If you visit a national park this summer, you may not see the invasion underway. But look closely and you'll find invaders all around you -- aliens that stalk native plants and animals and do their best to undermine the very things that make our parks so special.
Some will be obvious -- the wild, bushy tamarisk tree that chokes the Rio Grande in Big Bend National Park and the streams in Death Valley, Calif. Others will be less visible but evident by their sound -- the tiny coqui frog with the screeching voice that is leapfrogging around Hawaii, including into Hawaii Volcanoes National Park.
Still others leave their mark in a changed landscape: a forest of wrecked trees, pitiful stumps where leafy branches once sprouted.
Invasive species, defined as non-native species that damage the environment or human health, are one of the biggest challenges facing the national parks, infesting 2.6 million park acres. The National Park Service says that at least 234 of the 390 national parks, monuments and waterways also are unwilling hosts to invasive animals.
They arrive in a number of ways, invariably related to human actions: Exotic plants are brought from other countries; illegal bugs hitchhike on nursery shipments; contraband reptiles, some procured as pets, are released or escape to the wild.
Alien species are by no means confined to park lands, but the parks face a special burden because it's the National Park Service's job to preserve the nation's most beloved landscapes and natural resources for future generations.
And if invasives have one specialty, it's damaging the natural environment.
EARTHWORMS, PIGS, FROGS AND MORE
Some make their presence known with a carpet of brilliant leaves or flowers, benign in appearance but voracious in crowding out vulnerable native species. Others quietly launch an ecosystem chain reaction. Some examples:
-- Non-native earthworms are changing the soil in Voyageurs National Park in Minnesota, which affects the trees growing there, which in turn changes the water flowing into thousands of lakes, and with it fish and plants that live in the lakes.
-- In the Florida Everglades, imported trees are driving out native mango and cypress trees and complicating a massive environmental restoration project aimed at remedying decades of water diversion.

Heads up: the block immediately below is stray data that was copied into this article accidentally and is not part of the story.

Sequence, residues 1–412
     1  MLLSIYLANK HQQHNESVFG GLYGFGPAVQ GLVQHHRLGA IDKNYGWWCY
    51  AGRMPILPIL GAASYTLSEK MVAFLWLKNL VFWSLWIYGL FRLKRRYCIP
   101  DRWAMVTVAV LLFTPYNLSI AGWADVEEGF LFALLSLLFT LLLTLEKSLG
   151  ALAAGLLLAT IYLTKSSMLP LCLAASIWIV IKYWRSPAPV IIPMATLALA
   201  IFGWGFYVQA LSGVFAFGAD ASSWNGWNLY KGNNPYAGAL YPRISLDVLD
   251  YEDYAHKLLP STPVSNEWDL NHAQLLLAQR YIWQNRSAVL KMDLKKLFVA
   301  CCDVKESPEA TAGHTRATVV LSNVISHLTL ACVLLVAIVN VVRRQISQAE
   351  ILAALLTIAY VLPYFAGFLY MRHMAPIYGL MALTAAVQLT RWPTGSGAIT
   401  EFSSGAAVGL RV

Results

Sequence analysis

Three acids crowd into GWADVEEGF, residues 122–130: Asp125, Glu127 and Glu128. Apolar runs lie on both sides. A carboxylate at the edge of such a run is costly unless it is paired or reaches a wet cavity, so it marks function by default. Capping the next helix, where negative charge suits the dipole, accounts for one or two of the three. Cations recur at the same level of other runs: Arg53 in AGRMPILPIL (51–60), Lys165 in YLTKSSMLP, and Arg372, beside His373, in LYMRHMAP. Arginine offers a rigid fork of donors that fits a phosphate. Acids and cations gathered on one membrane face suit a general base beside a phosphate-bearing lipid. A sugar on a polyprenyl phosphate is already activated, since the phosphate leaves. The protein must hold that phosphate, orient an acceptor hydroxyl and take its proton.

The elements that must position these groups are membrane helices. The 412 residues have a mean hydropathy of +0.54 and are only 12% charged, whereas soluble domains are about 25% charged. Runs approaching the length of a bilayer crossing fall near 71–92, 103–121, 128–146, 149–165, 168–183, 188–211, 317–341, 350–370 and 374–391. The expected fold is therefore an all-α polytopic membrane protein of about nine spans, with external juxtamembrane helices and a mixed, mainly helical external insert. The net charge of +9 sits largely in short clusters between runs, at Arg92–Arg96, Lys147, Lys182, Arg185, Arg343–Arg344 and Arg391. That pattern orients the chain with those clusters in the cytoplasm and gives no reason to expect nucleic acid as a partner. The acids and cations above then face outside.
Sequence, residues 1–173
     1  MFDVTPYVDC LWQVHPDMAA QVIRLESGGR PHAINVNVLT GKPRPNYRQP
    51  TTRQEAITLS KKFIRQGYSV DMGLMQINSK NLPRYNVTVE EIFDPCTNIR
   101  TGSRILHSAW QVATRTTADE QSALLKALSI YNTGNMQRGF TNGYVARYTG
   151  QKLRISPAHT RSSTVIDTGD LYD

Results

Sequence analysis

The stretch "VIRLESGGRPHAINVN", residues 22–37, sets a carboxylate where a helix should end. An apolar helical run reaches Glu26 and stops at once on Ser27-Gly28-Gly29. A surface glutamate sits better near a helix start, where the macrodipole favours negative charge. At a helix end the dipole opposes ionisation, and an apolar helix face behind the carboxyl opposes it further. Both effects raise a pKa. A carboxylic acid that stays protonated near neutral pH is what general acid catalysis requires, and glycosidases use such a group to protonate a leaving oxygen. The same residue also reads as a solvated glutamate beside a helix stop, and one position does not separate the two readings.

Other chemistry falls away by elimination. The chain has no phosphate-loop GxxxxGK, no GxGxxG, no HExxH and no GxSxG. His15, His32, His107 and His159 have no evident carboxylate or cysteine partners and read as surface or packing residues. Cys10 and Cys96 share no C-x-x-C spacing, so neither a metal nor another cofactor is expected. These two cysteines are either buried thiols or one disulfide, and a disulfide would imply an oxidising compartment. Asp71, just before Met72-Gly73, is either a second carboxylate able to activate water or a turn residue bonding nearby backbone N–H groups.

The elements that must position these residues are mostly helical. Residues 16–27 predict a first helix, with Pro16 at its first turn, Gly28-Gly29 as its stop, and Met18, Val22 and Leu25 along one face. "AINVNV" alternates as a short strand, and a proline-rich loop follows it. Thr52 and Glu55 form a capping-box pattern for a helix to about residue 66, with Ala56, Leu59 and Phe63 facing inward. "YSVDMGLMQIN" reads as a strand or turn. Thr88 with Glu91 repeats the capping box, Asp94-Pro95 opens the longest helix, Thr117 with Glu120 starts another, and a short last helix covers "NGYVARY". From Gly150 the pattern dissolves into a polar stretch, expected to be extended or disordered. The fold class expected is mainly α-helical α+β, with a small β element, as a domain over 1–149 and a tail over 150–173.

-- In Eastern forests, a sap-sucking insect called the woolly adelgid has killed more than 90 percent of the hemlocks in Shenandoah National Park, and is working its way through Great Smoky Mountains National Park. In steep gorges where the hemlocks shade streams, the plant and creek species are losing their habitat.
-- The Hawaiian Islands are beset by the likes of wild pigs, rampaging Central American miconia plants, and reef-smothering algae. The dime-sized coqui frog, from Puerto Rico, not only annoys residents with its lawnmower-volume screeching but also gobbles up valuable insects and provides a tasty meal source for larger invaders like rats.
-- Cheatgrass overtakes streams in Zion National Park and exotic deer proliferate in California's Point Reyes National Seashore. Exotic trout interfere with the lake trout that Yellowstone grizzly bears dine on.
BATTLING THE SPREAD
Fighting off these encroaching armies is a daunting task. In recent years the government has elevated the issue, and the National Park Service has created special teams that travel the parks trying to make a dent. Although they have had some success, tight budgets prevent an all-out onslaught, especially with parks already thinning their ranger forces and cutting visitor center hours.
"If they don't do something more assertive, they will continue to have those plants and animals spreading to new areas," said Faith Campbell, invasive species expert for The Nature Conservancy. "There will be more and more organisms in the park that shouldn't be on the North American continent much less in the parks, and there will be fewer examples of the healthy organisms that should be there. The parks are no longer going to represent the natural resources of North America."